November 12, 1957
Appeal, No. 8, Oct. T., 1958, from judgment of Court of Quarter Sessions of Franklin County, Oct. T., 1956, No. 148, in case of Commonwealth of Pennsylvania v. Robert John Grochowiak. Judgment affirmed.
John W. Keller, with him Keller and Keller, for appellant.
George C. Eppinger, District Attorney, with him Frank P. Lawley, Jr., Deputy Attorney General, and Thomas D. McBride, Attorney General, for appellee.
Before Rhodes, P.j., Hirt, Gunther, Wright, Woodside, Ervin, and Watkins, JJ.
[ 184 Pa. Super. Page 523]
OPINION BY HIRT, J.
The defendant was the manager of State Line Drive-In Theatre located on U.S. Route 11, in Antrim Township, Franklin County. On Sunday, June 24, 1956, he as manager, was responsible for the exhibition in the theatre of certain motion pictures. Following the showing on the above Sunday, defendant was charged with violation of the Act of July 2, 1935, P.L. 599, § 2. Section 2 of the Act, 4 PS § 60, is quoted in the margin.*fn1
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After full hearing before a Justice of the Peace he was found guilty and a penalty of a fine and costs was imposed. On defendants petition an appeal to the quarter sessions was allowed. Hearing thereon was had before Judge DEPUY on September 2, 1956. The subject of the showings was not religious in character but the record is clear and it was not contended that the motion pictures as exhibited were obscene or offensive to good morals or that they had any effect on the peace and good order of the community. They were innocuous from every viewpoint. The court found the defendant guilty of violation of the above Act and he was sentenced to pay a fine of $50 and costs. This is defendant's appeal from the judgment of sentence.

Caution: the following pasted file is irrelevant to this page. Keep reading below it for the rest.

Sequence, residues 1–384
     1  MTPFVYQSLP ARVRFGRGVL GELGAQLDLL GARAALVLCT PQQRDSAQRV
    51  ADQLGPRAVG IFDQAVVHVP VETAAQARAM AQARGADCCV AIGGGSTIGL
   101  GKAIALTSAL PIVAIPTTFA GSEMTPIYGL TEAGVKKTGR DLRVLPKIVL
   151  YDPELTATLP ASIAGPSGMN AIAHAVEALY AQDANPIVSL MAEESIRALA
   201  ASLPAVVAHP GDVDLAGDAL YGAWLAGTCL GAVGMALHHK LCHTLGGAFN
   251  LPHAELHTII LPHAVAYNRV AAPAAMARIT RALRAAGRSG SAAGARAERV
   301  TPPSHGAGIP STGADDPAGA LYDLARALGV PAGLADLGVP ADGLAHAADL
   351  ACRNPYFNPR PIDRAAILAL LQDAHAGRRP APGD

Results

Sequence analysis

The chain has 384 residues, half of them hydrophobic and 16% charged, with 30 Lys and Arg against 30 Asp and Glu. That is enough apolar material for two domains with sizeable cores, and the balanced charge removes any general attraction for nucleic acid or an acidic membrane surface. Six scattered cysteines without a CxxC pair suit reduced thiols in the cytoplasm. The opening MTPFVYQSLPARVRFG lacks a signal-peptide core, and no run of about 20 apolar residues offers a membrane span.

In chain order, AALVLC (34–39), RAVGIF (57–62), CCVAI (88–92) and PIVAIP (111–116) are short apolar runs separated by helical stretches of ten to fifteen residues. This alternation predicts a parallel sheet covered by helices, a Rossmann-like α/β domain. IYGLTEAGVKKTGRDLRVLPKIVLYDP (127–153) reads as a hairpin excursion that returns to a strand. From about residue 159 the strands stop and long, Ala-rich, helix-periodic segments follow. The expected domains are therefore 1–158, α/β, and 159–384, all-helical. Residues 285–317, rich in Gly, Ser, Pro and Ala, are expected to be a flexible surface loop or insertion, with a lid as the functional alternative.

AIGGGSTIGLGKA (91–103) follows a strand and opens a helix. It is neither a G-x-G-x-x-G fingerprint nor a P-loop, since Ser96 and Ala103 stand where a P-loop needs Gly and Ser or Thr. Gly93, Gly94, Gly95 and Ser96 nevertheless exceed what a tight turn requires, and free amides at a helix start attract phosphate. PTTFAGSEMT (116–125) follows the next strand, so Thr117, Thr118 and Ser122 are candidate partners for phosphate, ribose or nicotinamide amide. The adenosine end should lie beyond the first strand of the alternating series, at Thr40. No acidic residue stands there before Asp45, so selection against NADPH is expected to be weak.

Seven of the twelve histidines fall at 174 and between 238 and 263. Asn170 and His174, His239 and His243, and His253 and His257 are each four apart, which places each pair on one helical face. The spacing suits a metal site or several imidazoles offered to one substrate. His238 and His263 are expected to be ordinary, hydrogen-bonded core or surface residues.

Sunday laws, regulating human conduct under the police power of a State, are of ancient origin. A short but interesting history of this kind of Sunday legislation
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appears in the brief of Burton R. Laub, now of the common Pleas in Erie County, quoted in Commonwealth v. Pedano, 33 D. & C. 551. Our so-called Blue Laws, beginning with the Act of April 22, 1794, 3 Sm.L. 177, 18 PS § 1991 in general setting aside the first day of the week as a day of rest, are civil legislation (Cf. Specht v. Commonwealth, 8 Pa. 312) although they defer to the religious concept of Sunday as a holy day. And the present act clearly is a civil regulation, although the provision for the lawful showing of motion pictures, only after 2 p.m. on Sundays undoubtedly appears in the Act in deference to the church-wide custom of Sunday morning services.